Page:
How important is Miami for Italian companies that want to internationalize? 

    Miami has historically been a hub for the Latin-American market, which many Italian companies capitalize on. Then there’s the fact that Miami is a highly important arena for the cruise ship industry, yachting, construction, home furniture, and agribusiness. In general, every superior product ‘Made in Italy’ represents, from cars to fashion, will find a market here that is extremely attentive to marks of quality and luxury. Then there are niche markets, like bio-technology or aeronautics. IACCSE exists to support companies entering the market for the first time. We especially back small and medium-sized businesses. Big businesses almost always operate on their own.

    If I may ask a personal question, are you happy living abroad? What is your relationship to Italy? 

    I’m very happy, even if being far from loved ones isn’t easy. I’d definitely do it again if I had the choice; it has exposed me to a lot of cultures and differences, from which I’ve learned a lot. Even the difficulties of beginning over again twice in two unknown countries, first in Venezuela and then in the United States, has helped me grow as a human and a professional. Sure, I have a very intense relationship with Italy. Every time I go back to Europe for work, I spend one or two days in Italy. And I got back there seven times last year! I’m also a big fan of soccer and often I get to combine my professional obligations with a game at the stadium!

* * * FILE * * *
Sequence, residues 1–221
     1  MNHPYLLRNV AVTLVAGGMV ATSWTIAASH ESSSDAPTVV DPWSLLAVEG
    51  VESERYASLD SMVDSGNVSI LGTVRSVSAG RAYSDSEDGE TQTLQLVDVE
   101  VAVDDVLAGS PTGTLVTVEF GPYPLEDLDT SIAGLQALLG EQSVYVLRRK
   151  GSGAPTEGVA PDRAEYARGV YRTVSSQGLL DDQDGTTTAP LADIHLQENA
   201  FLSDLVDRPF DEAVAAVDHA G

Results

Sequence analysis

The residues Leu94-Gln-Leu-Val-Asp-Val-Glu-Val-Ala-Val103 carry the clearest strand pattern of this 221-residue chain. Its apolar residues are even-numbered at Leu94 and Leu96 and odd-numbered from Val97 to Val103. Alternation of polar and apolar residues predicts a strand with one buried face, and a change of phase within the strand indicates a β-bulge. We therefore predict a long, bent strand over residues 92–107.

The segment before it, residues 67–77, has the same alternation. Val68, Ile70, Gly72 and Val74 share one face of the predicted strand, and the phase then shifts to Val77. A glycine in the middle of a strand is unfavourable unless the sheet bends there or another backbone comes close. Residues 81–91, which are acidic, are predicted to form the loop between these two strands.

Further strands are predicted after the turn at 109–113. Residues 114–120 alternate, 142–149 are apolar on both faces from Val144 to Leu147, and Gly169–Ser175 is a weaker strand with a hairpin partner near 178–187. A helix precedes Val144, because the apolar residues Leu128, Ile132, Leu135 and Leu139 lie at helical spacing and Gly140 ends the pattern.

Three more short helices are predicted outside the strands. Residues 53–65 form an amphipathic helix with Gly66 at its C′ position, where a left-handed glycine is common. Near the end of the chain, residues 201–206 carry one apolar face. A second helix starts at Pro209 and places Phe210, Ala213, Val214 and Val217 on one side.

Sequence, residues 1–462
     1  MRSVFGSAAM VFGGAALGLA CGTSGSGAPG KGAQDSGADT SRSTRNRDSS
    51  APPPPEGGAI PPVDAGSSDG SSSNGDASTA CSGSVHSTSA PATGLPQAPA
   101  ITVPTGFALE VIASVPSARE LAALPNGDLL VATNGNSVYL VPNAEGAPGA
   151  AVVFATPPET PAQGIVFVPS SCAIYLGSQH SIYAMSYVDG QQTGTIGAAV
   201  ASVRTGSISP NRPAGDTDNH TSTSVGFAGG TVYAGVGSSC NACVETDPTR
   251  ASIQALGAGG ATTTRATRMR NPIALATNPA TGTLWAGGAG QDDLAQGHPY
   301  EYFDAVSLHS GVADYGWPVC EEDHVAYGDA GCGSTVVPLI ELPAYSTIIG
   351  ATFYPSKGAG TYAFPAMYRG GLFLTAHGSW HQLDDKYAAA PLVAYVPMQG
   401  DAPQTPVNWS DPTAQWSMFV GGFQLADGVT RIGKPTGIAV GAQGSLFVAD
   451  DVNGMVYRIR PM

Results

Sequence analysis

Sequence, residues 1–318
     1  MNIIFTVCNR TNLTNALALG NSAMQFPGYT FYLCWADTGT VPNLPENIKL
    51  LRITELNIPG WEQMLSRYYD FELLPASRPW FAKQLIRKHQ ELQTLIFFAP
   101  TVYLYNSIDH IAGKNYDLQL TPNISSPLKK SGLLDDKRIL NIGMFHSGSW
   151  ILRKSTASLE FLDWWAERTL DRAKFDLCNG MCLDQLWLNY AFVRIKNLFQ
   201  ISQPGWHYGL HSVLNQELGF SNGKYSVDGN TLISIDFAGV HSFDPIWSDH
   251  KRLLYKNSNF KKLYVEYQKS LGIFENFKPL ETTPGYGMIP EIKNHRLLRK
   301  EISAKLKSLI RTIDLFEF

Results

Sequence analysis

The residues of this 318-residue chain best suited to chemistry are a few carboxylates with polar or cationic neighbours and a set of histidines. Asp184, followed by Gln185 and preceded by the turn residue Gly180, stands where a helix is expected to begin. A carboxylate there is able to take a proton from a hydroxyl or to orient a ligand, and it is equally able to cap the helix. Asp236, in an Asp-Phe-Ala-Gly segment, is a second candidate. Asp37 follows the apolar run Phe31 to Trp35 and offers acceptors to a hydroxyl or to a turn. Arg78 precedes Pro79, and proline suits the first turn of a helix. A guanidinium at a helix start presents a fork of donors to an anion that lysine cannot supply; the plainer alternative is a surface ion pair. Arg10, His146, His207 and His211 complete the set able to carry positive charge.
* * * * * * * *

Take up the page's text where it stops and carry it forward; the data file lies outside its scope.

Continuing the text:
So it’s no coincidence that in 2006 you founded Inter Club Miami, which you’re still the proud president of. What do you love about Miami, the city where you live and work?  

    If I may steal an old joke, the beauty of Miami is that it’s so close to the United States! Miami is a city that has grown a lot in recent years and continues to grow. It’s a city that has transformed completely since I first arrived. It’s an extremely international city with strong Latin American and European influences, a city that has a lot of faces and diverse areas that grow with diverse spirits, a city that is already developed yet has the potential to grow a lot more. From a professional standpoint, it’s in an internationally adventitious logistical position, a city that has attracted foreign investments from all over. From a personal standpoint, I think that Miami has an excellent quality of life; the cultural scene has grown a lot in recent years, and I also think it’s a good place for families. The climate and location help, obviously. It’s one of the biggest tourist destinations in the world. In short, when we’re not working, we’re always on vacation, without even leaving home!